Kitchener and Waterloo were pioneered by Mennonites from Pennsylvania, Cambridge by British, principally Scots, in the early 19th century. Once named Berlin, Kitchener was re-named in 1916 after British military hero Lord Kitchener. Since the 1950's when Waterloo attained city status, Kitchener and Waterloo have been known as the 'Twin Cities', or K-W. Cambridge is a 1970s merger of the older City of Galt with the neighbouring Towns of Preston and Hespeler, and the village of Blair. Now, more and more, Kitchener, Waterloo and Cambridge are being hypenated as the 'Tri Cities'.
Immigration, beginning with Germans and Central Europeans in the 19th century and continuing to the present from Central and South America, the Near East, Far East and Asia have created a broad-based multi-cultural population. Kitchener and Waterloo, in 'North Waterloo' exhibit a strong German heritage, celebrated most notably in their 8-day Oktoberfest, the largest outside of Munich. Cambridge, in 'South Waterloo', has a sizeable Portuguese population, from the Azores, and a large constituency of Newfoundlanders, relocated from Belle Isle, Newfoundland, in the 1960s.
Kitchener-Waterloo Cambridge are 'on the 401' one hour west of Toronto, one hour east of London, three hours east of Windsor-Detroit.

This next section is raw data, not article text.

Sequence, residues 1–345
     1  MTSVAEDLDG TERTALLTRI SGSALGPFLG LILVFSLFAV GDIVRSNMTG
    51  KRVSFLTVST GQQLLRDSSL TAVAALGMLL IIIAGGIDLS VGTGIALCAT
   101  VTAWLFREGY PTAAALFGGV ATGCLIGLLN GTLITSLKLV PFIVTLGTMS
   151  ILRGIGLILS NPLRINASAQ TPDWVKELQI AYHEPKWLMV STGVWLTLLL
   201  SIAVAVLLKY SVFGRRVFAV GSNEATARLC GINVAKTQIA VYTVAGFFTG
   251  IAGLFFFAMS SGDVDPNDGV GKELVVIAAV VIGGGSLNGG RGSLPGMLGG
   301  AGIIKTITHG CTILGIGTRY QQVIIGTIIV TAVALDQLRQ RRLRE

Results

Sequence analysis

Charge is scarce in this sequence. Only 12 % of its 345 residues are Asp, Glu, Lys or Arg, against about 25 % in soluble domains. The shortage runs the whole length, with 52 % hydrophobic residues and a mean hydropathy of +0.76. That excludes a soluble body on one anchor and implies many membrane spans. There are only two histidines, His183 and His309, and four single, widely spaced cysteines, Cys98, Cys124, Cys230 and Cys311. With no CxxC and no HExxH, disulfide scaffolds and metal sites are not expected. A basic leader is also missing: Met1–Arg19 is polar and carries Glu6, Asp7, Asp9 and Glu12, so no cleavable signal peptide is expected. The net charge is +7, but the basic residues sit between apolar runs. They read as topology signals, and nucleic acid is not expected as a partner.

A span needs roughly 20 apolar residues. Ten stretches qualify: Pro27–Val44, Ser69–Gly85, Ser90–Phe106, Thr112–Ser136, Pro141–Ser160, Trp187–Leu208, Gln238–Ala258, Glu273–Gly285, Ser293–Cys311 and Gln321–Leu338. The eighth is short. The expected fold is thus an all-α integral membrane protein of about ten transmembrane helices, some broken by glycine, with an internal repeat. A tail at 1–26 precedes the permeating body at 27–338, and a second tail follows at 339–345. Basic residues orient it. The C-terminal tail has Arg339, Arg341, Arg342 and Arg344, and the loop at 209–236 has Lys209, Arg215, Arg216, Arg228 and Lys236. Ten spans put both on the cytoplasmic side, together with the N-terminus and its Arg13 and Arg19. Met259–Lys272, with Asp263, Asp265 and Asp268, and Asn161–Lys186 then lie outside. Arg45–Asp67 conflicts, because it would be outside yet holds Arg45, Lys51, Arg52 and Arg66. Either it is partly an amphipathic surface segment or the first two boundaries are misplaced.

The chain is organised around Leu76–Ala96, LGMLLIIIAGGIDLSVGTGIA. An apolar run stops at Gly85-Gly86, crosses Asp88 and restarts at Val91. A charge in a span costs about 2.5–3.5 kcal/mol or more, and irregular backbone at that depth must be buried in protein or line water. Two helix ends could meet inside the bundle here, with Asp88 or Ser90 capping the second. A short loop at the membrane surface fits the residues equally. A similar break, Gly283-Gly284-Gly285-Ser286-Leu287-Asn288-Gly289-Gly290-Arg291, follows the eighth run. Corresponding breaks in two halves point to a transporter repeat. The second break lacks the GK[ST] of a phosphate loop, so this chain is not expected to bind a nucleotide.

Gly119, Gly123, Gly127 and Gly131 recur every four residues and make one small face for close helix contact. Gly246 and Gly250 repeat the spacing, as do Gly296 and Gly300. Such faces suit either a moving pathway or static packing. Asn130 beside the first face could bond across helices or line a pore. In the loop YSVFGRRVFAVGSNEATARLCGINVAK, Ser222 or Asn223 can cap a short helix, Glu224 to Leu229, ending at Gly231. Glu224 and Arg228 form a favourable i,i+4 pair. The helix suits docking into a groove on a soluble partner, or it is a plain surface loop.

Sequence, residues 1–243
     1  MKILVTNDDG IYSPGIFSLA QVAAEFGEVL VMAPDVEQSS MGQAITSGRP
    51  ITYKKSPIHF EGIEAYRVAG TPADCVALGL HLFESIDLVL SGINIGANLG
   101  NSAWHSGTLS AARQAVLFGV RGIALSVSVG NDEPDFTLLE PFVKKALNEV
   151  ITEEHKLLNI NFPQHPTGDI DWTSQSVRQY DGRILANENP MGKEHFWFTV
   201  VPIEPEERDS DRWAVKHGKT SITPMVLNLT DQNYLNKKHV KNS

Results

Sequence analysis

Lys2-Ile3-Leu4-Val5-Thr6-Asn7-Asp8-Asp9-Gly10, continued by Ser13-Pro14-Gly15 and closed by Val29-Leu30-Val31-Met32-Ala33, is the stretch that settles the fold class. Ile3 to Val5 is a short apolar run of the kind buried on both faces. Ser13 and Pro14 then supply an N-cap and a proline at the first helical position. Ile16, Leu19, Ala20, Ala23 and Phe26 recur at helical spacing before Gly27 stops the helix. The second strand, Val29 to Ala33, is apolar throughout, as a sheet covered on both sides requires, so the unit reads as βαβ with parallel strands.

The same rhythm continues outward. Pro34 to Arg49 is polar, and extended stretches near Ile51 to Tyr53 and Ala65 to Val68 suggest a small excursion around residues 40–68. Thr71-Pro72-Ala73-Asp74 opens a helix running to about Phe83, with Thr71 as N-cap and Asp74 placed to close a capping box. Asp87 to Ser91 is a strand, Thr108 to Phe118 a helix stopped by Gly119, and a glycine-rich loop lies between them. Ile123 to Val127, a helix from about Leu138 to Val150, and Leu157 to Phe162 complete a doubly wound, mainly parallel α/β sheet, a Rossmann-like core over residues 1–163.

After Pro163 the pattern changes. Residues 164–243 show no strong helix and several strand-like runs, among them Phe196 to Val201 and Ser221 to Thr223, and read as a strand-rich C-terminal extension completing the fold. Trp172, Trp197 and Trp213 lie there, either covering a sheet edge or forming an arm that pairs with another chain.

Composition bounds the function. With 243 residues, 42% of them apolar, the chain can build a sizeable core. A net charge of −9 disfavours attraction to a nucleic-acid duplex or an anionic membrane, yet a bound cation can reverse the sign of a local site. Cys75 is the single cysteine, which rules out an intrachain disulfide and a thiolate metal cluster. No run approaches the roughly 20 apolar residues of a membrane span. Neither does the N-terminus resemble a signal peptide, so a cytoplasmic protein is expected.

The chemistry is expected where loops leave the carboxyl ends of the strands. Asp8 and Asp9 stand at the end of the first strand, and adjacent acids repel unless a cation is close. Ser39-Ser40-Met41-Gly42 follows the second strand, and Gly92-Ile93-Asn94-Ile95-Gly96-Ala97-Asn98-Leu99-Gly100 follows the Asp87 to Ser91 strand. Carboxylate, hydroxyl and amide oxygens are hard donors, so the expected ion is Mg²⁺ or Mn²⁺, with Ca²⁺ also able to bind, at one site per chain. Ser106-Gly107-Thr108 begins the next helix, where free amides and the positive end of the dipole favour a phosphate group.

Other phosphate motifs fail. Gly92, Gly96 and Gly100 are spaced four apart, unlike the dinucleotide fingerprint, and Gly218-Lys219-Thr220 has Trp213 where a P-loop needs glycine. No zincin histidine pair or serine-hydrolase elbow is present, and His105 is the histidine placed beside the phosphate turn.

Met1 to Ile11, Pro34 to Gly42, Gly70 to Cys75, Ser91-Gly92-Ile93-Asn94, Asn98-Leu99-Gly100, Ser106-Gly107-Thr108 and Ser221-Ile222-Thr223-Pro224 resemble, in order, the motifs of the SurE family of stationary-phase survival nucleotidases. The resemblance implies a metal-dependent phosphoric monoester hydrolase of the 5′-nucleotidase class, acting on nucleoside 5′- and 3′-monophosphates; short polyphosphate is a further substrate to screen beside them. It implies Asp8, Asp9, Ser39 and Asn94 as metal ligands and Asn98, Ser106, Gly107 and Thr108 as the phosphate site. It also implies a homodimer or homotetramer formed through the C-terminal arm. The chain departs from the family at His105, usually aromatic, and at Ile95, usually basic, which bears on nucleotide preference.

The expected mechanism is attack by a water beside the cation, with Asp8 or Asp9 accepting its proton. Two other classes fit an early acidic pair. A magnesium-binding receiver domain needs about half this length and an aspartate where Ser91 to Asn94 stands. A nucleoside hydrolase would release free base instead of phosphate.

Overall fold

For Kitchener, Exit 295 to Hwy 8 North, becomes King St. to downtown Kitchener.
By air, NorthWest Airlines offers three-a-day flights to and from Detroit via Region of Waterloo International Airport. Otherwise, the principal airport is Toronto's Pearson International, with Airways Transit providing local ground service to and from Pearson.
By rail, ViaRail to/from Toronto, Guelph, London, and Sarnia;
Within Kitchener-Waterloo and Cambridge, Grand River Transit, provides local bus service, with an 'iXpress' interurban service
By car, with a local map: where other cities are laid out more or less on a grid Kitchener streets are not, rather follow their own complex patterns with frequent twists and turns, many continuing into adjoining Waterloo.
Likewise, street directions are designated E, W, N, and S, but only one major cross street, Lancaster, is true to the compass. King, Weber and Westmount are the principal EW streets in Kitchener (at Union Street, they become King, Weber and Westmount in Waterloo, where they are designated N/S). Queen, Frederick, Victoria, are the principal NS cross-streets.
There is a an express route, known locally as the Conestoga Parkway, but not signed as such, which loops traffic on Highways 7&8 traffic through Kitchener South and Highway 85 traffic through Waterloo North.
Addresses number EW from Queen, NS from King.
Historically, in Kitchener,
See Cambridge Tourism .
See Nightlife, the weekly entertainment supplement published Thursdays by The Record, the area's daily newspaper, for its calendar of what's on in clubs, concerts, movies, stage, art, and kids stuff.